- Af·fon·so de [uh-fawn-soo duh] /əˈfɔ̃ sʊ də/, 1453–1515, founder of the Portuguese empire in the East.
- a city in central New Mexico.
Examples from the Web for albuquerque
Contemporary Examples of albuquerque
Albuquerque Economic Development, a private non-profit, estimates the five year growth rate at almost double the U.S. in general.After The Fall: Introducing The Anti-Villain
December 21, 2014
A second source inside the Albuquerque VA, a medical technician, said the facility provided high quality care.Exclusive: VA Scandal Hits New Hospital
May 19, 2014
Now a small band of Dylan sleuths led by an Albuquerque disc jockey may finally have found the key…but, to what?Bob Dylan’s ‘Da Vinci Code’ Revealed
May 18, 2014
Doing some digging, the author found that Jorgenson was a circus performer and a prominent unicyclist in Albuquerque.Jeff Bezos’s Dad Was a Circus Performer and 5 More Juicy Bits From the Tell-All Book
October 11, 2013
In the spring of 2011, I spent two days on the set of Breaking Bad in Albuquerque, N.M.Breaking Bad Finale: Lost Interviews With Bryan Cranston & Vince Gilligan
September 29, 2013
Historical Examples of albuquerque
Coutinho would listen to nothing, and Albuquerque was obliged to follow him.Celebrated Travels and Travellers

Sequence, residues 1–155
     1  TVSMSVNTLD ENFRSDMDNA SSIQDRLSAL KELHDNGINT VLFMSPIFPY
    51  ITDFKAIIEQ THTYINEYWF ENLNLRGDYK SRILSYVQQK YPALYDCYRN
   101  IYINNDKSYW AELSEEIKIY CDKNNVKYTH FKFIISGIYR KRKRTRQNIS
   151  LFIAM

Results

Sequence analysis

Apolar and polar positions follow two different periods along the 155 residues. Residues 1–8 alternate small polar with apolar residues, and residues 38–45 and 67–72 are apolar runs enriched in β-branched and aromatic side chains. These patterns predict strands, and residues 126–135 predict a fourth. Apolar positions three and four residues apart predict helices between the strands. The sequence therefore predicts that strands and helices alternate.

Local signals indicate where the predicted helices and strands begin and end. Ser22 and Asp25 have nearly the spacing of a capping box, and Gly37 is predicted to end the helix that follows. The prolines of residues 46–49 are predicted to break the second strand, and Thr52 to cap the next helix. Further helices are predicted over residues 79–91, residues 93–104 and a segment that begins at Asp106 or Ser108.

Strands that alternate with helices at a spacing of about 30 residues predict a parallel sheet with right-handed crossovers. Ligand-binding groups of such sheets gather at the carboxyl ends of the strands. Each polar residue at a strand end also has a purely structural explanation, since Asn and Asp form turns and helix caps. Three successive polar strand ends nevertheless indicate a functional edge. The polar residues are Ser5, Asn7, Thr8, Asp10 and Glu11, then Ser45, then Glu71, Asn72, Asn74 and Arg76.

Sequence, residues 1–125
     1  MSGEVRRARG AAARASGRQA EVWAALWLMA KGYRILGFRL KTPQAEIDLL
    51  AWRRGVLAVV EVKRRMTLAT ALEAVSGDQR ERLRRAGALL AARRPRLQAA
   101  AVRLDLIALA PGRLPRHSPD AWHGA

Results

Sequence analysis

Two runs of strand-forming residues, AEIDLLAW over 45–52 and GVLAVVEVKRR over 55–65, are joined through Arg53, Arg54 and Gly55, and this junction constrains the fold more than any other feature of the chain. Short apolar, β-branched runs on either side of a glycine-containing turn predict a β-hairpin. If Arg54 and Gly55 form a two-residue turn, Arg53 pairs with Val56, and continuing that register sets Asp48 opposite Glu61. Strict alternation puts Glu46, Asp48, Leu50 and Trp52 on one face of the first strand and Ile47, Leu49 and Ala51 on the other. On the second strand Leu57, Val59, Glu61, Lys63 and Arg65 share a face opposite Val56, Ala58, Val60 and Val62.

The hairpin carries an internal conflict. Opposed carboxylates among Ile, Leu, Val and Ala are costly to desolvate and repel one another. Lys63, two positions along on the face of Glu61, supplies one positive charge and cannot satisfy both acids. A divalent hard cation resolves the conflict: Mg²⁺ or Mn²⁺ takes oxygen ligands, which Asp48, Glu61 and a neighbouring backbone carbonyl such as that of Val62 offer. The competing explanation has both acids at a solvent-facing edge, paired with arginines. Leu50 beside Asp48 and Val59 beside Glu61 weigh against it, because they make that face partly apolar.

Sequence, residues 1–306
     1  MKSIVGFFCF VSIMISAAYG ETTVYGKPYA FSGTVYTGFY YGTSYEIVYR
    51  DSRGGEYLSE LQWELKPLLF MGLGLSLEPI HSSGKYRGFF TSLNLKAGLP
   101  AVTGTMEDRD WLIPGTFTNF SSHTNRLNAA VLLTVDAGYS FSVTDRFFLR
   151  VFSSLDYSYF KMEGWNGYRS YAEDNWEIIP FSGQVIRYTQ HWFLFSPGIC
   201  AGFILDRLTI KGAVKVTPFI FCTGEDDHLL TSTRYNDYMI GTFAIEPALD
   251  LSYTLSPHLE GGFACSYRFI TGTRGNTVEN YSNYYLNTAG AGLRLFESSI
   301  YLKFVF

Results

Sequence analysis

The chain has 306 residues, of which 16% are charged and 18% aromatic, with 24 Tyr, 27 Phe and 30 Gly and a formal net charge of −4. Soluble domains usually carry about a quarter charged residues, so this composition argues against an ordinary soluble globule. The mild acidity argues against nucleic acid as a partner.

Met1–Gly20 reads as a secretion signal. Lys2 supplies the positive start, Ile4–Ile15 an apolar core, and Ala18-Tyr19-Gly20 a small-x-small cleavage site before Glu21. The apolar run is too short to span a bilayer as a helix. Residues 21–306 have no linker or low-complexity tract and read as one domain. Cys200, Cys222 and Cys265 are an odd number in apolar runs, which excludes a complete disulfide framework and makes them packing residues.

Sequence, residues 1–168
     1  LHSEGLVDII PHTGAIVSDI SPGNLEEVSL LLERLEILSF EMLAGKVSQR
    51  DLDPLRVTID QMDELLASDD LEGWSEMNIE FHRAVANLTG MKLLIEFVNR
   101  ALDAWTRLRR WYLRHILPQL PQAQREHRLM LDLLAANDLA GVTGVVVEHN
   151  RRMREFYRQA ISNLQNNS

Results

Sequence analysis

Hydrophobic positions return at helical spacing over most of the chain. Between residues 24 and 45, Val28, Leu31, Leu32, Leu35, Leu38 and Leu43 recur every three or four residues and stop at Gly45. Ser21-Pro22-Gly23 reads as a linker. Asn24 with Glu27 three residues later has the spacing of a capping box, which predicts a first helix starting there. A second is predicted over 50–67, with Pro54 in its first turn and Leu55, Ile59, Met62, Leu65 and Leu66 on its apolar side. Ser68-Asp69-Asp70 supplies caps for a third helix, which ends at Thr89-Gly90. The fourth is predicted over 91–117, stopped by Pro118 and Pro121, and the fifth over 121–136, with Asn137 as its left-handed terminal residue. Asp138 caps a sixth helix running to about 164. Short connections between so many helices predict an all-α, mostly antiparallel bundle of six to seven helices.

"Right across the way from old Albuquerque," he said finally.Unborn Tomorrow
Dallas McCord Reynolds
Total distance from Fort Smith to Albuquerque, 814-3/4 miles.The Prairie Traveler
O'Reilly kept the right envelope, and it was safer with him than at Albuquerque.
He was something of an invalid, and lived always at the Albuquerque place.
- a city in central New Mexico, on the Rio Grande. Pop: 471 856 (2003 est)
- Afonso de (əˈfõsu dəː). 1453–1515, Portuguese navigator who established Portuguese colonies in the East by conquering Goa, Ceylon, Malacca, and Ormuz
Word Origin and History for albuquerque
city in New Mexico, U.S., founded 1706 and named for Spanish administrator and viceroy of Mexico Francisco Fernández de la Cueva, Duque de Alburquerque (1617-1676); name altered by association with Portuguese soldier Alfonso de Albuquerque (1453-1515), both named from Alburquerque, a town in Spain close to the Portuguese border, meaning "white oak;" ultimately from Latin albus "white" and quercus "oak."
Largest city in New Mexico.